Scottish Re (US), Inc. (SRUS) is a licensed health and life insurance provider that offers only insurance and coinsurance. SRUS ceased to engage in new business in 2008, but retained its existing financial agreements with cedants and reinsurers. Many years before this, SRUS began to experience financial problems related to its renewable annual insurance. To fulfill its mandate, SRUS, as a financial unit, has previously relied on financial support from parent companies. When their parent companies filed for bankruptcy in 2018, SRUS’s financial picture grew.
By early 2019, the Insurance Commissioner of the State of Delaware (Commissioner) determined that SRUS was in serious financial trouble and had entered into bankruptcy proceedings. The Court of Chancery subsequently placed the company in receivership and appointed the Commissioner as the official receiver of the company. On June 30, 2020, the Commissioner issued a revised plan, although no final plan has yet to be submitted to the court.
After SRUS’s opponents reviewed the proposed plan, many arguments arose about the nature and types of information the Commissioner intends to provide to the plaintiffs. A summary of these issues revealed a deeper issue that divided the parties: the parties disagreed on whether the waiver standard should be applied to the rehabilitation plan. A group of 57 cedants and five returnees argued that the court could not accept any order that did not provide, at least in part, the cost of removal to the plaintiffs. The commissioner and another panel of seven recusants disagreed.
The Human Rights Court recognized that this was a prima facie case. After considering Delaware statutes, case law, secondary sources, and public policy, the court determined that, for violations of Delaware law, neither statute nor common law requires the Commissioner to meet the barring standard of obtaining court approval. reform process. In particular, the court noted that Delaware’s statutory framework for reviewing proposed revisions did not address whether the prohibition standard applied, unlike other statutes cited by the dissent. The court also noted that the balance of policy was advised to take action on the issue from the General Assembly instead of the court.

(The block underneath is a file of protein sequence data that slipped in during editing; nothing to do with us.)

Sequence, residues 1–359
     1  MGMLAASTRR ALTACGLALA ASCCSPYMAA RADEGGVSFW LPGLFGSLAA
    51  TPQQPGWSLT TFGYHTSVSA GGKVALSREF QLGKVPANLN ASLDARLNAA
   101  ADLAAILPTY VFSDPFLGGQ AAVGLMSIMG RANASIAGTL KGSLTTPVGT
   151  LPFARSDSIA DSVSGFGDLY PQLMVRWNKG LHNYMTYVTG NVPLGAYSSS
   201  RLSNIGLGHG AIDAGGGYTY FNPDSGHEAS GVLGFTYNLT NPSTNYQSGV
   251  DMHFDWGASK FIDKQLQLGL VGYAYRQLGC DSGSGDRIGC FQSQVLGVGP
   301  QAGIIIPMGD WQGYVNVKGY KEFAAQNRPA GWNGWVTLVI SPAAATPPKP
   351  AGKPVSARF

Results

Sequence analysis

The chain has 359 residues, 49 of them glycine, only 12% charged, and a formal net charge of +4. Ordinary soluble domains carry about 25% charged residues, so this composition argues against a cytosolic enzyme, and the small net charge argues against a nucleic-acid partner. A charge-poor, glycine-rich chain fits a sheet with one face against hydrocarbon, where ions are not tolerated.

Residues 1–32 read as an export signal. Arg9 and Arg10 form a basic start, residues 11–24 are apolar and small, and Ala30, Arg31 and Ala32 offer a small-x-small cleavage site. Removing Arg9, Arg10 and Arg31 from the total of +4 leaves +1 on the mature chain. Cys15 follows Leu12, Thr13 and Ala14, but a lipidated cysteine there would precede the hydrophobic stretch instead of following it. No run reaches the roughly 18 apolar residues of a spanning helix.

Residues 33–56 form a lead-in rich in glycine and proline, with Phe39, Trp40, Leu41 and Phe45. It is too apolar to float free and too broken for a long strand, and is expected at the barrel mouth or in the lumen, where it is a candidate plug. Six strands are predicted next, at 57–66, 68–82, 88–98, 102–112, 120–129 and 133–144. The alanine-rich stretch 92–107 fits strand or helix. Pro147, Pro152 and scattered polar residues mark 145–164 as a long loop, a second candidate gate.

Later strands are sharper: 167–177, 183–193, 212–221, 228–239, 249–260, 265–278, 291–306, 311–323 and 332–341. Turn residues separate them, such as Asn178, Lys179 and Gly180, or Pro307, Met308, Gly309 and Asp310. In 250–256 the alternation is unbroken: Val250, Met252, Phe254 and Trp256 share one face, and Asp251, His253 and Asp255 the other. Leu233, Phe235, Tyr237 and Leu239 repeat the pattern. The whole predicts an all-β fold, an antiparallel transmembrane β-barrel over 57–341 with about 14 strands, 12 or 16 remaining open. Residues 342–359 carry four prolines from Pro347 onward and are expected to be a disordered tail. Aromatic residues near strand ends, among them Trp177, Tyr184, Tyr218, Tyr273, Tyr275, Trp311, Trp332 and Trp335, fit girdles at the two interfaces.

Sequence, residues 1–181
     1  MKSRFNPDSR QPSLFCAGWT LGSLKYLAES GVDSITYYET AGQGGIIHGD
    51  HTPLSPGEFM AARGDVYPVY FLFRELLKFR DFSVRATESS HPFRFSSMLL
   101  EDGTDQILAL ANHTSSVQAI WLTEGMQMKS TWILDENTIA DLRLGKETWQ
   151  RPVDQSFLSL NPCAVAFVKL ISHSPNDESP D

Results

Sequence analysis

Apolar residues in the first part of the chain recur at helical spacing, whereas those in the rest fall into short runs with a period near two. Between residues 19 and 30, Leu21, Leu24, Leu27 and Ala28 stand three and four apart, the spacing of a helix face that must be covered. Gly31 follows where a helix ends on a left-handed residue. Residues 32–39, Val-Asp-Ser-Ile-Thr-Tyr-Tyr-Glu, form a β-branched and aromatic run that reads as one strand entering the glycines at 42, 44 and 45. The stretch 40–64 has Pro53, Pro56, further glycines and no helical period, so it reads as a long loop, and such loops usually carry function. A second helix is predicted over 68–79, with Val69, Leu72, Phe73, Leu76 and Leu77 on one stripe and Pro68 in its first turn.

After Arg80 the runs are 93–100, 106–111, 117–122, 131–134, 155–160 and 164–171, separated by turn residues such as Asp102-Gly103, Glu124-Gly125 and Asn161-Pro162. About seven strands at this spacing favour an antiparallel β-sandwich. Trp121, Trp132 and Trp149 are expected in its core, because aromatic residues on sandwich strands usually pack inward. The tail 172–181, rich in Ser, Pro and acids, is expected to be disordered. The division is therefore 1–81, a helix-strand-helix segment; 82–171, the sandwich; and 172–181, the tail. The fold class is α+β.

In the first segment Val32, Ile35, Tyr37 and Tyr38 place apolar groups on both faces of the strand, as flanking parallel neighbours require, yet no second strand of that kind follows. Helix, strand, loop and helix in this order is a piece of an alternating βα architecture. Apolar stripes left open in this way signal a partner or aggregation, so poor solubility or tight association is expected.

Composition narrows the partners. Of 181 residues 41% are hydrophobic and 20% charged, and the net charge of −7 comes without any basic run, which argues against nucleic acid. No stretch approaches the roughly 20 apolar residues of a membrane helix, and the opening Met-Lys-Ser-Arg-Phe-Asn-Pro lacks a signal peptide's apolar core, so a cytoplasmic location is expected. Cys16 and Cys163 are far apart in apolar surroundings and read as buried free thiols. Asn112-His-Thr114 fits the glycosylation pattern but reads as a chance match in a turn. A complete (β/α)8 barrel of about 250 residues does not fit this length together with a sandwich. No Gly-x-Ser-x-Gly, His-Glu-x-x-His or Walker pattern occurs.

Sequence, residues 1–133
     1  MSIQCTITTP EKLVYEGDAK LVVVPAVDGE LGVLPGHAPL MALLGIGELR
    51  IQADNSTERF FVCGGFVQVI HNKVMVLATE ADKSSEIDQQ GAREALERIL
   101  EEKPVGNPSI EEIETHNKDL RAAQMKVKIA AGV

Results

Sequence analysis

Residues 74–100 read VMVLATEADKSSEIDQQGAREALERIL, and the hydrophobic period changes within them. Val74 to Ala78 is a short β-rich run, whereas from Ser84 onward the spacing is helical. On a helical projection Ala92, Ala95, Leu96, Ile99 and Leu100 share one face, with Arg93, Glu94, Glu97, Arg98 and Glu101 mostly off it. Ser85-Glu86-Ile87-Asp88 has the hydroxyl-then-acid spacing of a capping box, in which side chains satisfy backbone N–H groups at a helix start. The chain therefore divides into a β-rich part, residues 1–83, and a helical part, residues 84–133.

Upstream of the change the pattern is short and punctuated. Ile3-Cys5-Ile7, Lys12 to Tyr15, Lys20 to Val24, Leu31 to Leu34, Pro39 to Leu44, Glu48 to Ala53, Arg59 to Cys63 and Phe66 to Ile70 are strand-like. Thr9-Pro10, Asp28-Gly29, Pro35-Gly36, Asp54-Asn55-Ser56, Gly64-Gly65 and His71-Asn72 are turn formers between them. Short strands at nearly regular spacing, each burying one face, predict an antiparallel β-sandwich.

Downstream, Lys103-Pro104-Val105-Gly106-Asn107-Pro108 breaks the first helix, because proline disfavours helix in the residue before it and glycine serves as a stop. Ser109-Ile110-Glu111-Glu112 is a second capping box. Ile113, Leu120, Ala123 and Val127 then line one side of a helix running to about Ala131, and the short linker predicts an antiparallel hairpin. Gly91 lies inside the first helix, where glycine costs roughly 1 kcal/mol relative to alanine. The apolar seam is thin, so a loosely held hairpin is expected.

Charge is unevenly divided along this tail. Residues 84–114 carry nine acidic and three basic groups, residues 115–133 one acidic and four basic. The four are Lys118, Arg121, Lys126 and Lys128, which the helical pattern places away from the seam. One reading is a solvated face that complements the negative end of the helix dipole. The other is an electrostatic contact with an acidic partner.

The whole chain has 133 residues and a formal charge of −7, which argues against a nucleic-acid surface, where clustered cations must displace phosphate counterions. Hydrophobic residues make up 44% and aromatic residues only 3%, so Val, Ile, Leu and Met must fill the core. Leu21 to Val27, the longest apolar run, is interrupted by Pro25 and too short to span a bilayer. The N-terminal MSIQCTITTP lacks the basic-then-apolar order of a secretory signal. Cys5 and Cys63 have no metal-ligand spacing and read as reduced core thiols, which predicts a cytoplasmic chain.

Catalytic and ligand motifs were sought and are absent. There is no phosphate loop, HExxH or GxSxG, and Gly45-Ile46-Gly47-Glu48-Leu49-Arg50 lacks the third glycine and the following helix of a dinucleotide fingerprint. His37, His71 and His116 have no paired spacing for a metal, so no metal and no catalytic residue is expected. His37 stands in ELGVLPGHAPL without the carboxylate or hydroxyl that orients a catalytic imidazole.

Reviewing decisions from other jurisdictions to consider this issue, the court emphasized that each of these majors came from two Depression-era decisions from the US Supreme Court and the California Supreme Court, both stemming from the Pacific Mutual Life reform. Insurance Company of California. See Carpenter v. Pac. Mut. Moyo Ins. Co. (Carpenter I), 74 P.2d 761 (Cal. 1937), aff’d subnoun. Neblett v. Carpenter (Carpenter II), 305 US 297 (1938). After a careful reading of the rulings, the court found that the rulings were “standing.” The rulings did not state that a reformation plan must meet the standard of dismissal or that the court would not approve a reformation plan that did not meet that standard. Instead, a Pacific Mutual Decisions stated that a restructuring plan that met the standard of exclusion would not raise legal challenges.
Therefore, the court said that the plaintiff can object if it can be shown that the plan fails to provide the cost of removal, while the court can consider the objection on its own grounds. Therefore, the court wanted the Commissioner to provide sufficient information about the rehabilitation process to determine if they can object.